CIS

   

Example presentations

 

Image on an eye representing unilateral optic neuritis.

Unilateral optic neuritis1,2

  • Gradual onset monocular visual loss
  • Pain on moving the eye
  • Altered colour vision

Image of spinal cord representing partial myelitis.

Partial myelitis1,2

  • Gradual onset sensory and motor symptoms of the limbs
  • Cervical: Lhermitte’s phenomenon
  • Thoracic: tight band-like sensation around the chest or abdomen

Image of brain representing brain stem syndrome.

Brainstem syndromes1,2

  • Diplopia
  • Oscillopsia
  • Facial sensory loss
  • Vertigo
  • Dysarthria
 

Diagnosis of MS from CIS

  • Historically, MS could only be diagnosed from a second attack because it is characterised by CNS lesions that are disseminated in both space and time1
  • The 2017 revisions of the McDonald diagnostic criteria allow the diagnosis of MS from a typical CIS if the following are met:1
    • Clinical or MRI criteria for dissemination in space
    • No better explanation for the clinical presentation
    • Demonstration of CSF oligoclonal bands in the absence of atypical CSF findings

 

Orange speech bubble with text 'CIS is less relevant than it once was, and about half of people previously considered to have the condition are now considered to have MS'- NICE.

 

Management

  • Many CIS episodes are mild and resolve without therapeutic intervention1
  • Corticosteroids can be used when the symptoms are functionally disabling, or patients do not spontaneously improve4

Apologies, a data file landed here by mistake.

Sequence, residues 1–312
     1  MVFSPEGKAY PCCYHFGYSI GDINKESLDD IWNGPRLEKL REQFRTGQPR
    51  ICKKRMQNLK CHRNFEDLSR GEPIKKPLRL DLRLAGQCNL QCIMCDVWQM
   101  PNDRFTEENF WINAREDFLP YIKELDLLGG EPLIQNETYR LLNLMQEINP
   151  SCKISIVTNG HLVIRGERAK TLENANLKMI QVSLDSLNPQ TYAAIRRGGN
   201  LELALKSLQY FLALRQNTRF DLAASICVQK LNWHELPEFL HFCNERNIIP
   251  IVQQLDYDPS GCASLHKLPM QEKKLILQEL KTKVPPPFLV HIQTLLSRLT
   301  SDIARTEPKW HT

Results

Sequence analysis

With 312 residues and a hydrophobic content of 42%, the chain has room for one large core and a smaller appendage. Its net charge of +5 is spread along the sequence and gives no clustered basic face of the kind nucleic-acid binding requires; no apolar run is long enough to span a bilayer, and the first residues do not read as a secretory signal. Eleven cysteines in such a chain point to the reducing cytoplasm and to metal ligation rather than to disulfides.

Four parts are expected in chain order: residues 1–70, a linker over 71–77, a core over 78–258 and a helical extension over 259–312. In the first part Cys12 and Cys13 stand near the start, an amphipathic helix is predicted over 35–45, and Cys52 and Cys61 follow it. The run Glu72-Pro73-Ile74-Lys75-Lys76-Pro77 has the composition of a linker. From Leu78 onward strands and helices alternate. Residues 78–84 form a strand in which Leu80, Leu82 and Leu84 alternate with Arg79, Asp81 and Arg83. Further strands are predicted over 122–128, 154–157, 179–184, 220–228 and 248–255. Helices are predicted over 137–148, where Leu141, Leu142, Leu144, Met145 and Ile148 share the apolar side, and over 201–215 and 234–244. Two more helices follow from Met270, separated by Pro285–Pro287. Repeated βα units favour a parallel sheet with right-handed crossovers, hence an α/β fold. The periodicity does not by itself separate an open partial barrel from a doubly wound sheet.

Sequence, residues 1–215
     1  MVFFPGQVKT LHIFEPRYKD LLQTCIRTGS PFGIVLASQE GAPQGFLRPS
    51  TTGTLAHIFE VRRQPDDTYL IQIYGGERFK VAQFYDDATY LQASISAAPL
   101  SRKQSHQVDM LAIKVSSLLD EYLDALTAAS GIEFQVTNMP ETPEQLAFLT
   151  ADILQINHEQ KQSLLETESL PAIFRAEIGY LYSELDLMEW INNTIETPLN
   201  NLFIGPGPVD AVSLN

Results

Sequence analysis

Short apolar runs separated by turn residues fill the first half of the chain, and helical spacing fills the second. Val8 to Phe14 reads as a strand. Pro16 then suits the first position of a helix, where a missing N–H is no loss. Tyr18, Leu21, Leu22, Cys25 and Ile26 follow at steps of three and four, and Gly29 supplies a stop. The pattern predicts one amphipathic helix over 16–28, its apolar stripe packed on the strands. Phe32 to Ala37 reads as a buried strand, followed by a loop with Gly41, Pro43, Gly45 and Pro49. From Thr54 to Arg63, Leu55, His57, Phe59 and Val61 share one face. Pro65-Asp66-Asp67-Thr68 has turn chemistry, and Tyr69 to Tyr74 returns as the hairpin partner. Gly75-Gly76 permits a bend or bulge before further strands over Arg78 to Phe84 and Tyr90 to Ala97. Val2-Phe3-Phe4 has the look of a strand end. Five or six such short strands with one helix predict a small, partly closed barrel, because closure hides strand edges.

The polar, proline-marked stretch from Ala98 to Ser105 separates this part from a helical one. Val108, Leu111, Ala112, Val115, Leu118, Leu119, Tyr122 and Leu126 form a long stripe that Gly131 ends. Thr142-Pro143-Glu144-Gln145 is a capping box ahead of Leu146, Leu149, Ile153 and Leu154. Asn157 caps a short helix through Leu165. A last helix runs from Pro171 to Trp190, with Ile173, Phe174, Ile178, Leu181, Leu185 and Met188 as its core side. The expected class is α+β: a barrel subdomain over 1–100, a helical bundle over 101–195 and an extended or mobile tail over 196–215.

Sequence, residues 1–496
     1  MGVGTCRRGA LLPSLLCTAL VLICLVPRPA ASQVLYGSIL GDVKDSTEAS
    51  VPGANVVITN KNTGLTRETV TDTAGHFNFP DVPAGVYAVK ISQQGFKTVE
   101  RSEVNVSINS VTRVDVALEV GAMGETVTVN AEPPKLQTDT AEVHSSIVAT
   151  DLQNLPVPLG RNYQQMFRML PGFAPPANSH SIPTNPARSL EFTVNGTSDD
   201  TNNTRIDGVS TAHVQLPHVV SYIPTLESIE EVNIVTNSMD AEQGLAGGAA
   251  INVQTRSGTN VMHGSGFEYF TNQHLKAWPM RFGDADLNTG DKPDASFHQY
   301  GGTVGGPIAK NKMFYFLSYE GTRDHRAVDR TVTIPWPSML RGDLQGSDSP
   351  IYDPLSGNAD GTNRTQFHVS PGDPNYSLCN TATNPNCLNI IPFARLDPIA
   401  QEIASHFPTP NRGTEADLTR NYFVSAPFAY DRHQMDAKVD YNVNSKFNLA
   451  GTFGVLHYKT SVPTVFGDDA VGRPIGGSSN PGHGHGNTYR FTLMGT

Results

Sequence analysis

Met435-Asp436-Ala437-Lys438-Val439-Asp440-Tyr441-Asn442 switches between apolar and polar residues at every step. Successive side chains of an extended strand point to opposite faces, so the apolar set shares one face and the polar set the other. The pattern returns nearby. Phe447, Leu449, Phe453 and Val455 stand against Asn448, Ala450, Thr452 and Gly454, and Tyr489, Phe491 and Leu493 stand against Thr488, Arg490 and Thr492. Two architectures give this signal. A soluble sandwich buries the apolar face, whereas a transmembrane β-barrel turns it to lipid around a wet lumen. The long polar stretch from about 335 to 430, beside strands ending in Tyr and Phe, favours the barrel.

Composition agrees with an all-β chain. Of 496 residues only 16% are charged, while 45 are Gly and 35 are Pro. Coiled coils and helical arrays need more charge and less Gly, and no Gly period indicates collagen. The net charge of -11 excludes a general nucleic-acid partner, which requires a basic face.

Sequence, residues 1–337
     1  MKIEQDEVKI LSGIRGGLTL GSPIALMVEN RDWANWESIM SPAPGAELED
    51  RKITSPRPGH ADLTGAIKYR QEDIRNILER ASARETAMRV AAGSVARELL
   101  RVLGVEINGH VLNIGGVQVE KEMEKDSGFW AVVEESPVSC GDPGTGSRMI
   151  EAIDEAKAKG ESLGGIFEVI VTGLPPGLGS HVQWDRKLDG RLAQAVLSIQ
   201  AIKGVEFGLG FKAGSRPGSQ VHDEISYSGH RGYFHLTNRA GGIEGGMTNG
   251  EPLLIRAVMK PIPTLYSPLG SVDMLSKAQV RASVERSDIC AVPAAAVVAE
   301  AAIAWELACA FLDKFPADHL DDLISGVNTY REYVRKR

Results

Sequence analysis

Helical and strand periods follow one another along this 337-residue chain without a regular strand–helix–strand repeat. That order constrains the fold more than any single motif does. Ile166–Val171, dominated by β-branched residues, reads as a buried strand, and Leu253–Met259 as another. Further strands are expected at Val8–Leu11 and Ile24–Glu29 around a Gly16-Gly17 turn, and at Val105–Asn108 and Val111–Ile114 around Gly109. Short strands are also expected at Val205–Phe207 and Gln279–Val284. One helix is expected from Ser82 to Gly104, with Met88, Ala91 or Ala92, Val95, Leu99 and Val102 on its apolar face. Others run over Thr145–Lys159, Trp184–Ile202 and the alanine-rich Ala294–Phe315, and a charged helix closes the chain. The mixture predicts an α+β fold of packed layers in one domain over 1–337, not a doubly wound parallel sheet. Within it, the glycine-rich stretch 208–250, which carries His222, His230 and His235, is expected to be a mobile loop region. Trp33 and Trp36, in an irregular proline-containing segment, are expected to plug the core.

• There is a paucity of data on the efficacy of DMT treatment for CIS, as defined in the 2017 diagnostic criteria3
    • This led the National Institute for Health and Care Excellence (NICE) to conclude that there is insufficient evidence to make any recommendations for DMT use in CIS
Image of a person with two circles around the body representing CIS management.
 

CIS, clinically isolated syndrome; CNS, central nervous system; CSF, cerebrospinal fluid; DMT, disease-modifying therapy; MRI, magnetic resonance imaging; MS, multiple sclerosis.

References

  1. Thompson AJ, Banwell BL, Barkhof F, et al. Lancet Neurol. 2018;17:162–173.
  2. Ford H. Clin Med. 2020;20(4):380–383.
  3. NICE. Beta interferons and glatiramer acetate for treating multiple sclerosis: TA257 [online] June 2018. Available from: https://www.nice.org.uk/guidance/ta527/resources/beta-interferons-and-gl... [Last accessed: March 2021].
  4. Efendi H. Noro Psikiyatr Ars. 2015;52(Suppl 1):S1–S11.
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UK | April 2021 | 120966
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